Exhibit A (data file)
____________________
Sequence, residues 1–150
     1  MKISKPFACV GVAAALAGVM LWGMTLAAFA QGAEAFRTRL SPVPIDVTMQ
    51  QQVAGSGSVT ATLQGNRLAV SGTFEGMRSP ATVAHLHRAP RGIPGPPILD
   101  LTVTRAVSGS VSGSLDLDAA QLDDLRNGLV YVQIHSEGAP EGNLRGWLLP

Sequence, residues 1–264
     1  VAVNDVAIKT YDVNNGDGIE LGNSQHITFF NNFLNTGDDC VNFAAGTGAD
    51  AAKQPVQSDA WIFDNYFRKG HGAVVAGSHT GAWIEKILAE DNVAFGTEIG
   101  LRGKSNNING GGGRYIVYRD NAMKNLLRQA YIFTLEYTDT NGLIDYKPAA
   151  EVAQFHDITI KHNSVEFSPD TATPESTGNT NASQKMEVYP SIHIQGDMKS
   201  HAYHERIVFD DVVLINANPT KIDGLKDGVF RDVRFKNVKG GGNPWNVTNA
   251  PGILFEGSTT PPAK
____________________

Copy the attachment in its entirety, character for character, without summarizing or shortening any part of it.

Sequence, residues 1–150
     1  MKISKPFACV GVAAALAGVM LWGMTLAAFA QGAEAFRTRL SPVPIDVTMQ
    51  QQVAGSGSVT ATLQGNRLAV SGTFEGMRSP ATVAHLHRAP RGIPGPPILD
   101  LTVTRAVSGS VSGSLDLDAA QLDDLRNGLV YVQIHSEGAP EGNLRGWLLP

Sequence, residues 1–264
     1  VAVNDVAIKT YDVNNGDGIE LGNSQHITFF NNFLNTGDDC VNFAAGTGAD
    51  AAKQPVQSDA WIFDNYFRKG HGAVVAGSHT GAWIEKILAE DNVAFGTEIG
   101  LRGKSNNING GGGRYIVYRD NAMKNLLRQA YIFTLEYTDT NGLIDYKPAA
   151  EVAQFHDITI KHNSVEFSPD TATPESTGNT NASQKMEVYP SIHIQGDMKS
   201  HAYHERIVFD DVVLINANPT KIDGLKDGVF RDVRFKNVKG GGNPWNVTNA
   251  PGILFEGSTT PPAK